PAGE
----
A metagame is often referred to as a “game in play,” in which you make decisions based on some outside information, rather than just the fundamental poker strategy alone. In other words, any time you play differently from or ignore a basic poker mathematical strategy, you’re probably playing a metagame.
A metagame in poker is a “game within a game” based on information not related to cards, betting and betting-sizing.
The metagame is not about cards, betting sizes, and stack sizes. It’s more about the “mindset of the players themselves,” where you consider your actions’ potential outcomes and draw to make the most favourable decisions at the table.
The chart is terrible, I know. But I hope it gave you some idea of the place that metagame has in poker and that it’s far enough away from the “physical” aspects.
Of course, that all sounds good, but I’m sure you still don’t fully understand what we’re talking about. So let me explain it to you in more detail with an example…
Example of a metagame in poker
Suppose you’ve been playing at a table for a while, and you’re playing a hand against an opponent you know very little about. For some reason, you end up on the river with a medium-strength hand and get a normal-sized bet from your opponent. On the one hand, you understand (and basic poker math tells you) that this call won’t be profitable over the distance.
But look beyond the mathematics of the situation and think about the other implications. While a call might be slightly negative (mathematically) at the range, there are two positives:
- We’ll see our opponent’s cards;
- We’ll give ourselves a looser image at the table.
Seeing our opponent’s cards in a given a hand would be very useful for us because we would know what type of opponent we are playing against. And we could use this information to make better decisions in the future against this player since we would already know his style of play.
Moreover, by playing instead weakly, we can show that I’m supposedly a lousy player by colliding rivers with marginal hands. And this can play to our advantage in the future, as the opponent may start to respect our bets less, potentially allowing us to take big pots.
So even if some of our draws are negative from a purely mathematical point of view, the consequences in future hands might make up for those small losses with big wins. You may have heard something like this before about poker, and it is essentially a metagame.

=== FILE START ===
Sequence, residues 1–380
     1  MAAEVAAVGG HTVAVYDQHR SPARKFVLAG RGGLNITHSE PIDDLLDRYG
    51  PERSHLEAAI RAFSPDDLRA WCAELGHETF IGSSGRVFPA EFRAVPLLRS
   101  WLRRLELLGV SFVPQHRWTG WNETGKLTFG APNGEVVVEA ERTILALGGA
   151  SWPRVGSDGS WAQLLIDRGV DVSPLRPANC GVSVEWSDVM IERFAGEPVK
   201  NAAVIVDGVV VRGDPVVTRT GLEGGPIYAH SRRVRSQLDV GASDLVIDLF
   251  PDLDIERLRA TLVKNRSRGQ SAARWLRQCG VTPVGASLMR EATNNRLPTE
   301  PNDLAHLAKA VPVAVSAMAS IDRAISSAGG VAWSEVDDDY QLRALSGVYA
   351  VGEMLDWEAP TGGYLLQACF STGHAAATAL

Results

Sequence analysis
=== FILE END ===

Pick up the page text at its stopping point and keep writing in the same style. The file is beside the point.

Unprofitable play, in the one hand, can lead you to big wins in subsequent hands, thanks to the metagame.
A few essential nuances about the metagame
- Don’t use it as an excuse for your poor play;
- The metagame changes over time;
- The metagame is most often used against familiar players.
Although the example above shows that a slightly “unprofitable” game can pay well into the future, that does not mean that you should use it as an excuse every time you make a terrible decision. Don’t deliberately look for opportunities to play badly in the hope of creating an image that you can recoup in the future. Meta-situations in the game will arise independently, so you don’t have to worry about finding them too often.
The metagame in poker is constantly changing. For example, when Doyle Brunson wrote his book Super System, it contained just about the most top and advanced no-limit hold’em strategies at the time. However, players have become more aggressive over the years, and the style of play and the strategies described in the book will not be as positive as they were back then.
In general, the metagame will be more effective against opponents you play regularly and on whom you have a history of hands. That’s because you’ll already have an understanding of how your opponent plays, what he’s capable of, what drives him, and how to combat his style.
Although metagame tricks can be used against players you are unfamiliar with (for example, betting a lot with medium and strong hands against low-limit players who are more likely to call weak hands), they will still play a bigger role against opponents you have already crossed paths with before.